Anne Gathumbi-Masheti responds to June Munala's article "Combating FGM in Kenya's Refugee Camps." (Use the link in the right sidebar to read "Combating FGM in Kenya's Refugee Camps.")
Contrary to cultural beliefs that FGM brings honor to a woman or girl’s family, FGM is one of the most dehumanizing acts of violence against women. It is often performed on young girls who lack the capacity and means to contest such a practice, which makes it even more degrading. Looking at the excuses advanced to justify its performance on innocent children, one cannot fail to notice the systematic manner in which it is used as a tool of power and control, from childhood through womanhood.
As June Munala explains, people advance various justifications to defend the practice: “It is believed to ensure virginity until marriage; it gives sexual pleasure to men and enhances their manhood; and it controls the sexual desires of women and girls.” Such explanations clearly reveal FGM as a practice that benefits men while punishing women and girls.
While any effort to combat FGM is commendable, my experience working on this issue with COVAW, a Kenyan organization that works toward the elimination of all forms of violence against women through promoting women’s human rights, has shown that no single strategy is successful on its own. Munala correctly argues that there has to be a multidisciplinary approach to the problem. But by focusing on the right to health as the most effective means for eradicating FGM, she underemphasizes perhaps the most crucial component of the struggle—the adoption of a strategy well grounded within a women’s human rights framework. Those who choose to use the human rights framework must also be alive to the reality that the traditional human rights framework has consistently failed to incorporate women’s experiences.
Despite the sensitivity of the issue of FGM, it is important that activists in this area define the principles or rules of engagement with the communities. Whereas some organizations, such as UNHCR, opt for a more subtle approach in order not to be seen as rocking the boat, it is critical to be able to name the problem to the communities. Besides describing FGM as a violation of the right to health, it is important to define it as a violation of the right to be free from gender discrimination, the right to life and to freedom from torture including the inherent dignity of the person, the right to liberty and security of the person, and the right to privacy. Only by acknowledging that the subjection of women and girls to FGM is an act of control and gender discrimination that compromises the enjoyment of their fundamental rights and freedoms can communities begin to recognize and deal with FGM as a serious violation of human rights that requires redress.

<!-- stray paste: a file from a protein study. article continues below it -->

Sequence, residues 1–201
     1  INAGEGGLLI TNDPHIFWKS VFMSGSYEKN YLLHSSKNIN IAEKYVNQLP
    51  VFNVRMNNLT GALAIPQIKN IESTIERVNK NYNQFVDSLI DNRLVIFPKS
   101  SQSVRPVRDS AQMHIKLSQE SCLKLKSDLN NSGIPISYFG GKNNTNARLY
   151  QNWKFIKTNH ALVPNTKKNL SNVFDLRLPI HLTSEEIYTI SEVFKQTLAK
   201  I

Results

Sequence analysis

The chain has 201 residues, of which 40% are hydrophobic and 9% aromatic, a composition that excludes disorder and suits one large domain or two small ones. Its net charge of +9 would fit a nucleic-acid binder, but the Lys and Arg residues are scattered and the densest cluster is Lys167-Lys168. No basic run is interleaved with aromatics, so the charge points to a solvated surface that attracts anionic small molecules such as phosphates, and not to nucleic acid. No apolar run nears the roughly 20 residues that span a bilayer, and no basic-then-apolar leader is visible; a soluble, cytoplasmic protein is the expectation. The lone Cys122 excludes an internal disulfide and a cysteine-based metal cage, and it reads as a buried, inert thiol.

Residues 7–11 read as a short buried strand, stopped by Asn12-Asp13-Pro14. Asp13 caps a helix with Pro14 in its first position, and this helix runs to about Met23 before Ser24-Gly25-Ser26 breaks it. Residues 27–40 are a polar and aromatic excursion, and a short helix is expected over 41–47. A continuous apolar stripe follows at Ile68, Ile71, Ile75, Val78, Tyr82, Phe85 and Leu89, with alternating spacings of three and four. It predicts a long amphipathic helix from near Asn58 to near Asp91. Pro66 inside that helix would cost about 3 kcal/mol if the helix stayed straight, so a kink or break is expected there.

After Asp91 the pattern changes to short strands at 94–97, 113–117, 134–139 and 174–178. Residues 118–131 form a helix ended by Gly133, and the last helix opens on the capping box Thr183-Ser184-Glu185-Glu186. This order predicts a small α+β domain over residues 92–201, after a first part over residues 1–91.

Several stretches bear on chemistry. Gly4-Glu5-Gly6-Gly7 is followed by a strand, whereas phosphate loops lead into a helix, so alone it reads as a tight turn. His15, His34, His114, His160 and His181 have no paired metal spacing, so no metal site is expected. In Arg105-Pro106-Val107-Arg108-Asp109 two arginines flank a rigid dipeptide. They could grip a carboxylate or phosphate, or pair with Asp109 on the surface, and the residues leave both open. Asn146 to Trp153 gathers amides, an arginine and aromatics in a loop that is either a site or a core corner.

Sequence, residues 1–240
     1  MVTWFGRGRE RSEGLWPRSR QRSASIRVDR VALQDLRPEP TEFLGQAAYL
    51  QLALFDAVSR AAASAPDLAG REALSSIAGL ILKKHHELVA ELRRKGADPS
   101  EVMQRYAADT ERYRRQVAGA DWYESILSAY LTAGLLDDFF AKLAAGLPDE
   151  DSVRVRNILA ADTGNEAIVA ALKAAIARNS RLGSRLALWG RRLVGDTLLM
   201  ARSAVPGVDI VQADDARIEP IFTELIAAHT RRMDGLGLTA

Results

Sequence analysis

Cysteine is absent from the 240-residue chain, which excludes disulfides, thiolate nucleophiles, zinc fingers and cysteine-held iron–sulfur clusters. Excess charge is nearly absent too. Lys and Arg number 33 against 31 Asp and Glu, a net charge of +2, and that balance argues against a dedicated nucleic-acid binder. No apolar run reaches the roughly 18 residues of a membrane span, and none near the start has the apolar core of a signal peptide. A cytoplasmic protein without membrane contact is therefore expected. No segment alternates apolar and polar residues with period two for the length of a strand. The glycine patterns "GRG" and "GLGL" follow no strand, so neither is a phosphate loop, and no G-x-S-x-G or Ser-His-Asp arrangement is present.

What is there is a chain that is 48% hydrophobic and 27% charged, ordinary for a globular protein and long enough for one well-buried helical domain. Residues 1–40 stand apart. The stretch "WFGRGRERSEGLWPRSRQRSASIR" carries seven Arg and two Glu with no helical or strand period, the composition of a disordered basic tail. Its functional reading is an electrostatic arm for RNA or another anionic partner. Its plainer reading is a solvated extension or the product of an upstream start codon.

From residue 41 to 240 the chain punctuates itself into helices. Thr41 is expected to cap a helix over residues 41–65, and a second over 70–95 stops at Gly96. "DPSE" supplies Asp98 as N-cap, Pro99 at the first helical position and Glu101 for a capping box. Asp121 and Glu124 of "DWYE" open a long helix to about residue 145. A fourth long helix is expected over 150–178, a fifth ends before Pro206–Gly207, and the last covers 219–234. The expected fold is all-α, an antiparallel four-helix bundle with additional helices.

This is where the law is important, both as a regulatory mechanism and a deterrent. Munala argues that emphasizing the law is not an effective strategy because it can be punitive and can drive the practice underground in the short term. In COVAW’s work, however, we have found that repeated application of the law can, in the long run, gain acceptability as a method for addressing the problem. Legislating against FGM helps to communicate the unacceptability of the practice as well as to secure women’s rights within a legal framework and provide an option for redress.
A case in point is that of two girls in one community in Kenya who sought legal redress against their father for attempting to subject them to FGM. They obtained a perpetual injunction that barred the father from ever subjecting them to the cut. Although the girls were initially ostracized by the community, they have since been reintegrated into the family and their community, where they have continued their crusade against FGM. While initial reactions of protest in the community are to be expected, laws serve as the much-needed “shock therapy treatment” that can awaken communities to the reality that such practices are a violation of fundamental rights.
It is interesting to note the response of the refugee communities after the first case was prosecuted in the Dadaab camps: they accused the government and the international community of engaging in “petty activities.” Their attitude is that they should be left alone to continue violating women’s and girls’ rights without interference from the outside. The fact that while in the camps men expect protection from the government and the United Nations yet have a problem when that protection is extended to women and children points to a serious lack of appreciation of women’s rights as human rights. Continued prosecution can therefore provide a much-needed jurisprudential basis for the development of the law in the area of FGM and can help to reinforce the message that FGM is neither trivial nor petty.
Another strategy that has proved helpful in combination with application of the law is the alternative rite of passage. It is based on the premise that one of the positive aspects of the ceremony of FGM is educating the girls about the reproductive changes occurring in their adolescence and how to cope with those changes. The alternative rite therefore seeks to carry on the educative aspects of the practice without resorting to removing a part of the reproductive organs of the girls and women. It would be interesting to see how such an approach within the refugee camps would work as one of the strategies to combat FGM.
Given the complexity of the problem of FGM, Munala is right that adopting a multidimensional strategy is key. But above all else, those working to combat the practice must emphasize—without hesitation—the fact that FGM is a violation of women’s and girls’ rights and that these rights must be safeguarded.